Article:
Day1 (in association with w/ Todd P)
Blood on the Wall
The 2nd annual East River Music Project takes place at the East River amphitheater, which is infamous for its appearance in the cult film Wild Style. Back then it was covered in graffiti and looked the way New York felt in the 70’s. Then strangely enough ABC television network gave Erin Brockovich four million dollars and six days to fix the amphitheater as part of a television special. The graffiti is gone and the space is spic and span. Sorta how our Mayor wants us to feel about New York today.
The place has the potential to rock. The Greeks knew entertainment, and styled after the architecture of that period there isn’t a bad seat in the house. Hopefully New Yorkers will make good use of this renovated venue.
There were empty seats when the first band started but they quickly filled up. And why not? This was a perfect way to start the summer. And it is hard not to have fun at an outdoor music fest.
It was a beautiful day, the price was right, FREE, and it turned out the quality of music proved to be worth it. Many shouts of thanks have to go out to all the organizers, city parks groups and especially the bands for putting on such a show.
The first four acts were a showcase in up coming underground talent. While the ‘headliner’ was a funk band of professional caliber that brought that thing- that thang when the horn guys shake their heads in unison and the guitar dances with the ease of the seven veils done down in Detroit. It was the art of thou funk.
Not only can you easily see the stage from every seat, but you also get a view of the passing boats on the East River, and if you strain your eyes a bit you can see the industrial outline of Williamsburg, which is fitting considering the first band on was Blood On The Wall who hail from Brooklyn.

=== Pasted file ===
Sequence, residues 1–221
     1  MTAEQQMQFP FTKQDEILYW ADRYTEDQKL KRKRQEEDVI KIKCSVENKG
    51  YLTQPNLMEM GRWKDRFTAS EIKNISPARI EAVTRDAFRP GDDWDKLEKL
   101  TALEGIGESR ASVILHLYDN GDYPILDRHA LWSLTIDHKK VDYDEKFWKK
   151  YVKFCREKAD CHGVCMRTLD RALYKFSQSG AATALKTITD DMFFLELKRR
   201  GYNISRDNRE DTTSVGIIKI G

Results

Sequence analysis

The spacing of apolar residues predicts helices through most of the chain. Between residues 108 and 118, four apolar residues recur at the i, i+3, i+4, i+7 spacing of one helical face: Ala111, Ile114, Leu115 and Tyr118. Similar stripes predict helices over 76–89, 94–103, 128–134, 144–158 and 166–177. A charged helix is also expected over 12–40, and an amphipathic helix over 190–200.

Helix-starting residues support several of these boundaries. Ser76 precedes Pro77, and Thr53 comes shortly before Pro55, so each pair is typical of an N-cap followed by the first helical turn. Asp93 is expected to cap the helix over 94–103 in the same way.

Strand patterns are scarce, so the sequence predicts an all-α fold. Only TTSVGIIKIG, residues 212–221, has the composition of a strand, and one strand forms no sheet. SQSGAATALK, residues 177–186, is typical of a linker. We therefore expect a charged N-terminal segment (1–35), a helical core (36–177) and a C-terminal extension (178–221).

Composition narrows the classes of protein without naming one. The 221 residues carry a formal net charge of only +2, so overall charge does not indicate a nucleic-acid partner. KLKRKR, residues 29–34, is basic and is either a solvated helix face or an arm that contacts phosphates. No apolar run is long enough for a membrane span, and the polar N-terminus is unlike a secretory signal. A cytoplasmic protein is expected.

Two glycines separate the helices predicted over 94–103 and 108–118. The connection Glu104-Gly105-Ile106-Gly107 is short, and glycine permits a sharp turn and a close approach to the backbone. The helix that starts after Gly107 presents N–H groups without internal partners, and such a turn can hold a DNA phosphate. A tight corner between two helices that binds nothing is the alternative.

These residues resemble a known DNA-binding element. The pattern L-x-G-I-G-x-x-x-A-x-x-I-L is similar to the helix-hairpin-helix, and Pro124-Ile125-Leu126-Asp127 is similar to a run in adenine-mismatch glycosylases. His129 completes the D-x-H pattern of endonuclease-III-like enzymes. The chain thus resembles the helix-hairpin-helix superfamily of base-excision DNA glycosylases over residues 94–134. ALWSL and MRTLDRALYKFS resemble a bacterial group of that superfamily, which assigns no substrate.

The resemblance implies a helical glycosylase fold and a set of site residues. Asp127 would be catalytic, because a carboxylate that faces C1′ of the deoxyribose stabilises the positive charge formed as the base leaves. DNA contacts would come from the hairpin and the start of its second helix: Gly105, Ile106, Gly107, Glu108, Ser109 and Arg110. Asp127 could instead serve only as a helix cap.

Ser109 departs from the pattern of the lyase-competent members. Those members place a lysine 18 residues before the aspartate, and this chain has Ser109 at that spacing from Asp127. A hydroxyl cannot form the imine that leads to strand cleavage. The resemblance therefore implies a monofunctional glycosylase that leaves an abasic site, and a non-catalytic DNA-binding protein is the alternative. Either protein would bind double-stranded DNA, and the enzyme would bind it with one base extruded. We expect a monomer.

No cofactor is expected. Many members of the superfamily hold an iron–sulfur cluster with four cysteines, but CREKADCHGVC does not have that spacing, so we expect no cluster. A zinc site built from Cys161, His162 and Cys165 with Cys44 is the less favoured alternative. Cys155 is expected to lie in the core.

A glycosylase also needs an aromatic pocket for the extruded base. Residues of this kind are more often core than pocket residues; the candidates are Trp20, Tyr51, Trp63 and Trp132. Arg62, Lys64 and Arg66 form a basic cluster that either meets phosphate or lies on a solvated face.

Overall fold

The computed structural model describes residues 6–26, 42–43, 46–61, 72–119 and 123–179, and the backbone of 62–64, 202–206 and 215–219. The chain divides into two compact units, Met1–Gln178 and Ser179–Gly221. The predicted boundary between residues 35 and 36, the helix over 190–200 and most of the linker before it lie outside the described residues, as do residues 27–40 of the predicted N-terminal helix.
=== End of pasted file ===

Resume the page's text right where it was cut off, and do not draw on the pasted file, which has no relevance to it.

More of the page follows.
Blood On The Wall are young and talented and they rock the American Independent music bible criteria 1988. They sound like Poster Children with power riffs and look like plumbers with guitars. And they worship at the feet of Sir Black Francis. It all seems relevant with the Pixies comeback tour making the rounds.
The second band up was Measles Mumps Rubella. They had their album recorded by Ian Mackaye, which made me wonder if Ian is still straight edge, or if this band is straight edge or what, because a little booze could have helped the whole affair.
The sound coming off the stage is a strained boogie- woogie with the laces untied. At any second the band is about to trip and fall. And I think they need to do a beer bong and stumble and loosen up their post punk Gang of Four tunes. The singer bangs a drum and uncomfortably contorts his body to the beat, I wonder if he is a liability or the only thing worth listening to or watching. And decide on the later.
Aa is bang the drum, plonk the programming fits of explosion. They set up at the base of the stands, not even bothering to get up on stage and they start to play an infectious multi-percussion (and a plastic water bottle) free flow jam. There are shouts and screams and it makes wonderful sense. It is music that has its groove on, even though there aren’t any actual songs. But it doesn’t matter. The energy is high and these guys could be the American answer to the Beta Band if they can get a little structure to rein in the vast possibilities of the sound escapes I’m sure live deep in their conscious.
Aa have a Krautrock groove, more Can than Kraftwerk. They sound like a Sun Ra orchestration playing Public Image Limited. Look out Rapture you have some competition. And here I thought Excepter was the newest New York noise trickster.
White Magic is a three piece with the front woman, Mira Billote being the star. Her voice is beautiful, slow and heartfelt, the band matches her talent with down to earth ability. White Magic sound fresh and new and a lot like Mazzy Star.
Then comes the last group, Sharon Jones & The Dap-Kings. As they take the stage I was worried I was in for some sub par world music because half the band have dodgy beards. But like normal, I was wrong. Dap Kings is funk and soul. And Sharon, who used to play with James Brown, is a fireball of expression. Her voice soars, her booty shakes and persona and presence cannot be ignored. Their funkified version of This Land Is Our Land is the highlight of the afternoon.
And then as the sun starts to set it is over. It’s a great afternoon out. This was the first day in a four part series. ERMP could do worse than to match the fun of the opening.